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John Cayley

John Cayley


John Cayley has practiced as a poet, translator, publisher, and bookdealer, and all these activities have often intersected with his training in Chinese culture and language. Links to his internationally recognized writing in networked and programmable media are at His last printed book of poems, adaptations and translations was Ink Bamboo (London: Agenda & Belew, 1996). Cayley was the winner of the Electronic Literature Organization's Award for Poetry 2001. He has taught at a number of universities in the United Kingdom, and was an Honorary Research Associate in the Department of English, Royal Holloway College, University of London. In the United States, he has taught or directed research at the University of California San Diego and twice previously at Brown before becoming a long-term Visiting Professor in 2007 and then regular faculty in January 2011.


During a single-machine 'staging' of imposition

a recording from: imposition (2007- )
John Cayley, with Giles Perring

The 11'16" imposition.mp3 was recorded by Wiretap Studio during a single-machine 'staging' of imposition, August, 2007. This recording is based on imposition, the networked performance of an evolving collaborative work engaged with ambient, time-based poetics and harmonically organized, language-driven sound. imposition emerges from translation, and uses the same texts and procedures as this earlier piece. It continues an investigation of iterative, procedural removal from one text or language to another. During a performance of the piece, four passages from the source texts of imposition are presented in any one of three shifting states: surfacing, floating or sinking. A passage will also be in one of three changing language states: German, French or English. If a passage sinks in one language it may, for example, surface in another. imposition then distributes these states over the internet in order to enable a networked transliteral and musical performance. Any number of computers that have downloaded one of twelve distinct QuickTime 'listener' movies will have these movies controlled by the main, 'server' text of the piece. These movies play looping musical samples of human vocalizations which harmonize both with the server and with other linked and listening movies. The music of imposition was designed and composed by Giles Perring. For this iteration of the work, Perring commissioned and produced new vocal performances from Melanie Pappenheim.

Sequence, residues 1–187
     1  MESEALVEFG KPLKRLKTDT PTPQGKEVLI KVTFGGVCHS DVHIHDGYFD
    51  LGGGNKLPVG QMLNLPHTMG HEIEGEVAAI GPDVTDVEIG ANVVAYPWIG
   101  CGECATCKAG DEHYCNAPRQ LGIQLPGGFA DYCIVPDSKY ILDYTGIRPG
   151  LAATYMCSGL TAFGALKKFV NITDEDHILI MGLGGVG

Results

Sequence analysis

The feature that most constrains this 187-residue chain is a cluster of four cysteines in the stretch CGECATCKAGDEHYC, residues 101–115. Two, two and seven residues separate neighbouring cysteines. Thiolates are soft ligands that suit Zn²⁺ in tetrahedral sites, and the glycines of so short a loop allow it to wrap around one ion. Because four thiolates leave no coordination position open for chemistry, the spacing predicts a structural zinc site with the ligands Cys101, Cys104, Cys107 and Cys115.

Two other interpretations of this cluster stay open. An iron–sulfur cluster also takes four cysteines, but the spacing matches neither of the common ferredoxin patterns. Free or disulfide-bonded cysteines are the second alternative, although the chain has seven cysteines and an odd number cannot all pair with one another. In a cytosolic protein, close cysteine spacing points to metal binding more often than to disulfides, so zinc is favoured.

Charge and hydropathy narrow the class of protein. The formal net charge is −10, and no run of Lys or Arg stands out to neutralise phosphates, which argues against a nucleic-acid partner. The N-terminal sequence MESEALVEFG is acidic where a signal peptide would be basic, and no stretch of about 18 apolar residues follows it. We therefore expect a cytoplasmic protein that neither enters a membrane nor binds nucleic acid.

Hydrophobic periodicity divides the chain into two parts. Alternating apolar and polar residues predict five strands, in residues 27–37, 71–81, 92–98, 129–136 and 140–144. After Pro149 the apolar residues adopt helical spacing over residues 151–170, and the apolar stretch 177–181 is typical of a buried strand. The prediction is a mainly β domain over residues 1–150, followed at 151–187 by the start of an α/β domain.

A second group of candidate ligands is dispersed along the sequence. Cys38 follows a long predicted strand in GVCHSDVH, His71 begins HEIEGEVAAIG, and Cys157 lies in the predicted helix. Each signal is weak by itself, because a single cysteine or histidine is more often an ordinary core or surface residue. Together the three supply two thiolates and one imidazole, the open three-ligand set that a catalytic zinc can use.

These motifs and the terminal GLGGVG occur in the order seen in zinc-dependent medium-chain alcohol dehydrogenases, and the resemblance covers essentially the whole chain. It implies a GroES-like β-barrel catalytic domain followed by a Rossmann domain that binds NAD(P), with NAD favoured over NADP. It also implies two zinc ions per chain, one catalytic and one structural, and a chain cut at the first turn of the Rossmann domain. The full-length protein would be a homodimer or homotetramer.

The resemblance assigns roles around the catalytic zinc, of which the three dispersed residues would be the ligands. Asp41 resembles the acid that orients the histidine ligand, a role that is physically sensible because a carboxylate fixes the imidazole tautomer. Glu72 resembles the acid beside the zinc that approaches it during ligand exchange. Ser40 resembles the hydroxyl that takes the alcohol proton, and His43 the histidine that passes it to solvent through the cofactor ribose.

Credits: John Cayley: writing, concepts, text-generation, programming, production of this computer-driven recorded version, Giles Perring: composition, sound design, recording, post-production, Melanie Pappenheim: vocals, Douglas Cape: advice on visual media, additional recording.

During live navigation of riverIsland, August, 2007

a recording from: riverIsland (1999- )
John Cayley

The 15'30" circuits.mp3 was recorded by Wiretap Studio during live navigation of riverIsland, August, 2007. riverIsland is a navigable text movie composed from transliteral morphs with a few interliteral graphic morphs. It is a spatialized aural poetic environment in which the reader may investigate of procedures of textual transformation associated with translation, which are proposed as transliteral. More context and explanatory material is available on the web.

Credits and acknowledgements: riverIsland oncepts, programming, photography, design and text is by John Cayley. The sequence of sixteen poems arranged in the 'horizontal' loop is composed of Cayley's poetic adaptations from 16 of the 20 quatrains by Wang Wei (701-761) in his famous 'Wang River Sequence'. The 16 texts in the vertical loop are all based on poem number five from this sequence ('kong shan bu jian ren ...') which becomes the 'opening' poem of riverIsland. The variations in this loop include material quoted from Nineteen Ways of Looking at Wang Wei: How a Chinese Poem is Translated (compiled by Eliot Weinberger and Otavio Paz, New York: Moyer Bell, 1987), namely Burton Watson, Gary Snyder, Francois Cheng and Octavio Paz's versions of the poem (on pages 24, 42, 36 and 30 respectively). Arthur Cooper's translation of the poem from his collection The Deep Woods' Business (London: Wellsweep, 1990, p. 43), is also quoted. Recorded readings and atmosphere are by John Cayley, except Harriet Evans for the French, Spanish and Chinese. Thanks to Giles Perring for recording and assisting with digital audio manipulation; Douglas Cape for help in understanding QuickTime and QTVR in particular; Xu Bing for his Squareword calligraphy within the embedded interliteral morphing movies (visual only). Authoring and scripting of QuickTime for riverIsland was done in LiveStage Pro versions 2.1 thru 4.6.6 with some behaviors based on PanoSound by Ian Mantripp.

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